Reading is a powerful way to grow, discover, create, and experience the fullness of our world. It is a gift. The art of reading has an impact on our physical and emotional state. We relax when we read, a study from the University of Sussex found that it only takes 6 minutes of reading to reduce stress and enhance our relaxation. It slows our heart rate, reduces muscle tension, and reduces our stress levels. Reading combats mental decline increases mental capacity and individuals who fail to read regularly experience a mental decline at a rate 48% faster than those who read regularly throughout their lives.
Impact on children
When we read to our children we are giving them the gift of school-readiness, brain development, and empathy. This simple act of reading and connecting with a child increases their vocabulary, comprehension, fluency, concentration, and self-discipline. Reading builds powerful new pathways withing the human brain, igniting the regions of our neural networks that can lead to enhanced brain function, engaging up to 17 regions of the brain. Even impacting our physical and emotional states, helping develop empathy and internalizing social values. A study published in the Journal of Applied Social Psychology found that students who engaged in perspective taking activities with novels were associated with improved attitudes towards stigmatized groups such as immigrants and refugees.
Reading and the Brain
A research study from Emory University shows areas of the brain that are affected by reading books, the highlighted areas demonstrate significantly heightened brain activity. This biological response persists over time, even during times when the participants were not reading. Also, the area of the brain called the central sulcus, responsible for grounded cognition, which creates a representation of sensation. So if you are reading about a hero who has raced out of a jungle and come to a terrifying cliff above a raging river and jumps. You have just experienced the power of the sulcus, activated the same neurons that would be activated if you jumped into that river yourself.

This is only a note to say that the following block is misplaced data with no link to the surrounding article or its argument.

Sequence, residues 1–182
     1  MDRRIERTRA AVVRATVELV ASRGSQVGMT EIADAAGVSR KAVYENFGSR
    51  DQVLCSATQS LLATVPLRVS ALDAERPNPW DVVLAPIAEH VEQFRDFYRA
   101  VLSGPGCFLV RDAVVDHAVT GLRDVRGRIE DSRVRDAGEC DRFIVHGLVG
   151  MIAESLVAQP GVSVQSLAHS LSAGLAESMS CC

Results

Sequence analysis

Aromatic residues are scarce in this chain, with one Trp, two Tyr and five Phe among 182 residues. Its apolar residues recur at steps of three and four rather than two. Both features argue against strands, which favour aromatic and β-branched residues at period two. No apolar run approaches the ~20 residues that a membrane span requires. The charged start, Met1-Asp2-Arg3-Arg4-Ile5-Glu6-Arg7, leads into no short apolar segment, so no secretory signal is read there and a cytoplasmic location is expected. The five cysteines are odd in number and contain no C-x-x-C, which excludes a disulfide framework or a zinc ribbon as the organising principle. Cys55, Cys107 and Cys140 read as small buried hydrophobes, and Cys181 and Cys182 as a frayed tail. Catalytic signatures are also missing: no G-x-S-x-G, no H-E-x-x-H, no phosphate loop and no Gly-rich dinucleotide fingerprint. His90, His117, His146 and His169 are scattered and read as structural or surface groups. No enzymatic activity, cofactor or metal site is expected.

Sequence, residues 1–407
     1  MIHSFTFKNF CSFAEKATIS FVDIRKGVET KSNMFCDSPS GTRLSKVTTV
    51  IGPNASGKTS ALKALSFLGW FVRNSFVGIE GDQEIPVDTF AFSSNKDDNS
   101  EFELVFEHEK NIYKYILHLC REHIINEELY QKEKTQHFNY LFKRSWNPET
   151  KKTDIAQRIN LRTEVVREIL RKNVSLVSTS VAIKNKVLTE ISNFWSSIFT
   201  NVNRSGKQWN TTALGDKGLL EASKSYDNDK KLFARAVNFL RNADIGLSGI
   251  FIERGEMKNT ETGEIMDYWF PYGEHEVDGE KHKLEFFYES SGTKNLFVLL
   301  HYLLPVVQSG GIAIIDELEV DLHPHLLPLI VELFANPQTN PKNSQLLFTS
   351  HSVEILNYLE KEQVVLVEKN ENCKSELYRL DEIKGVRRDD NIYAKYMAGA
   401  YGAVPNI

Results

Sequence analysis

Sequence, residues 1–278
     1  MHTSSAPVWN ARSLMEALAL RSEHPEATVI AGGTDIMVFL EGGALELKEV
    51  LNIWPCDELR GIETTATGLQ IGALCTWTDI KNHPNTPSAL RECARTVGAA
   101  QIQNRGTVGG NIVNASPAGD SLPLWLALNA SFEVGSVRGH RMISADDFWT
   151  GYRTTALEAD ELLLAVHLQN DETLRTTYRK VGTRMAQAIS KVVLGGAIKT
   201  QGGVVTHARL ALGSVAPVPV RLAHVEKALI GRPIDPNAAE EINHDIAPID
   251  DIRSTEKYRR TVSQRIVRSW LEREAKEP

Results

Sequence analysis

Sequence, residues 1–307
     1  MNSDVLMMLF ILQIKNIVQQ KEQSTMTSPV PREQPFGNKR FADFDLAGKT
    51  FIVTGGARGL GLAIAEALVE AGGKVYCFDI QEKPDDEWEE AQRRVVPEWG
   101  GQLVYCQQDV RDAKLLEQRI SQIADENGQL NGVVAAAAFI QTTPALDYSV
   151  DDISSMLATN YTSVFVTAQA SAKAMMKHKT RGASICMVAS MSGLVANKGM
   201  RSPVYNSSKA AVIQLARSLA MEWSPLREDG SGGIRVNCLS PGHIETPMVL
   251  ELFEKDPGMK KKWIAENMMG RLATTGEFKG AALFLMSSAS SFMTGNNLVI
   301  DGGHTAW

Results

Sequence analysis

This study hints that we can experience mentally and biologically feel the same as if we were the character themselves.
Emotions are also important because when we are in the engaged moment of reading, close to someone we love, our brain releases a beautiful flow of dopamine, serotonin, oxytocin, and endorphins; a cocktail of happy chemicals that are the quartet responsible for happiness. Reading can cause them to intentionally flow through our bodies, and help our mind attach new learning though synapses. Helping to cement new habits, create new connections, and open pathways to learning.
Keep reading and enjoy every new adventure.
- (Source: Reading Is Fundamental, Access to Print Materials Improves Children’s Reading: A Meta-Analysis of 108 Most Relevant Studies Shows Positive Impacts, 2010)
- (Source: Reach Out and Read, Reading Aloud to Children: The Evidence, Archives for Disease Control, 2008)
- (Source: National Endowment for the Arts, To Read or Not to Read: A Question of National Consequence, 2007)
- (Source: Gambrell, L.B. (1996). Creating classroom cultures that foster reading motivation. The Reading Teacher, 50.)
- (Source: Krashen, S. (1993). The Power of Reading. Englewood, Col.: Libraries Unlimited, Inc.)
- (Source: Flowerday, T. & Schraw, G. (2000). Teacher Beliefs About Instructional Choice: A phenomenological approach. Journal of Educational Psychology, 74, 141-153.